Saturday, 22 December 2012

Book 92 of 2012: Christmas Stories

In my search for Christmassy books to keep me going through the end of November and the run up to Christmas I basically downloaded anything which had the word Christmas in the title (and was free). One such book was Edward Berens' Christmas Stories, there weren't actually any reviews for this (or any information about what it actually contained) but I thought that it couldn't be too bad, and at 160 pages, even if it was bad, it wouldn't take too long to finish.

This is collection of three short stories, which seem to take place in similar settings/with the same characters. There isn't actually any real mention of Christmas which makes me think that this was originally published as some sort of moral tract to be given at Christmas time. It was originally published in 1823 before the really traditional Victorian Christmas stories started to appear.

The first two stories are virtually identical, one dealing with poaching, the second with smuggling. Both look at the impact that this could have no only on the person committing the crime, but also the people who buy the products, allowing the practice to continue. As can be expected from the beginning, neither of these end well. The third, and final story, focuses on the charity which is handed out to the poor in one community; two different landowners have the task of handing this out, one is stricter than the other, while the other is more laidback but also neglects other parish responsibilities because the money for these has all been given away.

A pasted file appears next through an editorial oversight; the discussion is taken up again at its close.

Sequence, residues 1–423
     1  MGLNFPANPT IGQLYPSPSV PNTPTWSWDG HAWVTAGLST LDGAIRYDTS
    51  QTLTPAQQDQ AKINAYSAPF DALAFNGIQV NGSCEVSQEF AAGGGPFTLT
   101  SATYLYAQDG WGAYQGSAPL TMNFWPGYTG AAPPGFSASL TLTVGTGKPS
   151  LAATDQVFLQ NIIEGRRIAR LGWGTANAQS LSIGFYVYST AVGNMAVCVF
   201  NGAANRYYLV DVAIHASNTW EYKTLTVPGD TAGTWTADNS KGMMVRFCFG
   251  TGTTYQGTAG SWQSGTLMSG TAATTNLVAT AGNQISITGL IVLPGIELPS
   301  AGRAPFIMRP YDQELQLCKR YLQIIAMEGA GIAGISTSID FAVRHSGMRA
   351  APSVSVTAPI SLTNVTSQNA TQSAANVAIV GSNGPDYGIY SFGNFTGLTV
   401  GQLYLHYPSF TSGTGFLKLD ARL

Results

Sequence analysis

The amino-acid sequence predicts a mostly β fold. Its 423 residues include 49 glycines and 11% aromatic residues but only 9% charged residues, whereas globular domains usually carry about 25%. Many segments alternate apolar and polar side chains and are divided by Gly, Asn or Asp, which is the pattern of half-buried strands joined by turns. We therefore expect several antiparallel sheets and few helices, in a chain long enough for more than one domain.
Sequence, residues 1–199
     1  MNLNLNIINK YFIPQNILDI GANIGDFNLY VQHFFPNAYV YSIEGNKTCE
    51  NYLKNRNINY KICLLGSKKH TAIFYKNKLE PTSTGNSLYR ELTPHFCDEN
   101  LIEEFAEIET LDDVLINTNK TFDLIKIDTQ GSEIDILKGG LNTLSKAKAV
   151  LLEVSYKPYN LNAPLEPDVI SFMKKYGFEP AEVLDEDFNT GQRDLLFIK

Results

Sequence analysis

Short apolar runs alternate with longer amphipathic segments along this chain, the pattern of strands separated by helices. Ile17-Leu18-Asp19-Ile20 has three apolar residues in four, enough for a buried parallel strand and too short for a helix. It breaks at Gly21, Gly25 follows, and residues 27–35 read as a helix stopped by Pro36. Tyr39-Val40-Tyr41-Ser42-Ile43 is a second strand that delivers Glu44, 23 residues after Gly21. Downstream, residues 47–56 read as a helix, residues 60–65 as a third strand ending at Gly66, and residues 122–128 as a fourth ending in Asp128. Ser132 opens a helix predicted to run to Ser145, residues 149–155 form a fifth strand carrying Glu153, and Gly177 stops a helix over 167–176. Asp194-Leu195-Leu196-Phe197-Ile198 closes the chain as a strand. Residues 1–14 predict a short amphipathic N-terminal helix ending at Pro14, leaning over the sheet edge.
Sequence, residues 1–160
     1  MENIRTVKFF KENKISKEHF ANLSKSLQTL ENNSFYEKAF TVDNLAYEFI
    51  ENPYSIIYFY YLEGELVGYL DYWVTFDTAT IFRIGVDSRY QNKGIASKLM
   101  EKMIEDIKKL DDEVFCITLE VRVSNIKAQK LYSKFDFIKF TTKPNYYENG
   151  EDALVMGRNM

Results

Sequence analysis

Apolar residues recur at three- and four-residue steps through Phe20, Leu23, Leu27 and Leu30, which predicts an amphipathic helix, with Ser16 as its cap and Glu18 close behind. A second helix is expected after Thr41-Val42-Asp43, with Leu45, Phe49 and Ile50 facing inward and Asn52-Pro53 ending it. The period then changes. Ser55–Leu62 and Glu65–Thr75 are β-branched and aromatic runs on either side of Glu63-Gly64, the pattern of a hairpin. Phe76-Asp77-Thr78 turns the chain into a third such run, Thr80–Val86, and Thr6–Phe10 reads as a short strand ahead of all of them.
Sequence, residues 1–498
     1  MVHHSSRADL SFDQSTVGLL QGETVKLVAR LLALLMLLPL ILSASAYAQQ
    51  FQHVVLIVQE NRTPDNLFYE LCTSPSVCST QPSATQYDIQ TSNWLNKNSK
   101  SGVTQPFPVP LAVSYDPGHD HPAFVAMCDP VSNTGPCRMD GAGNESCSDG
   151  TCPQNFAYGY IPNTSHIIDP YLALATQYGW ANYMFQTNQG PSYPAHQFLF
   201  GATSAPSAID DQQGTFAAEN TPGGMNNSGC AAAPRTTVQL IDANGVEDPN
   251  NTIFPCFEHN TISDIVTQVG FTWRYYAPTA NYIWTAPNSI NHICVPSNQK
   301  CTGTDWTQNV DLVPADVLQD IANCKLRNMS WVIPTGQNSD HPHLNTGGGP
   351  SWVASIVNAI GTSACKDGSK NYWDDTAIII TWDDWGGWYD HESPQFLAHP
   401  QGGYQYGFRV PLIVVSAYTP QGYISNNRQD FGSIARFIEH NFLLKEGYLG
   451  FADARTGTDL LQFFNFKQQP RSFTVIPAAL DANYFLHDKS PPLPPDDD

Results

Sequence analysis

Although they were written almost two hundred years ago, you could probably transfer the stories to modern situations quite easily. In fact, you could probably update the smuggling story to deal with illegal downloads from the internet and the message would remain the same.

I did find the stories to be quite preachy. There was a strong Christian message in there, which might put some readers off. It was an okay story, but it wasn't really what I was expecting from the title and probably wouldn't be one I revisit in the future.

"Tho' here again I must say, that I don't think either of these sorts of lawyers over-paid, when you consider how many years most of them work before they get anything, (many I believe, never get any thing at all)."Location 180

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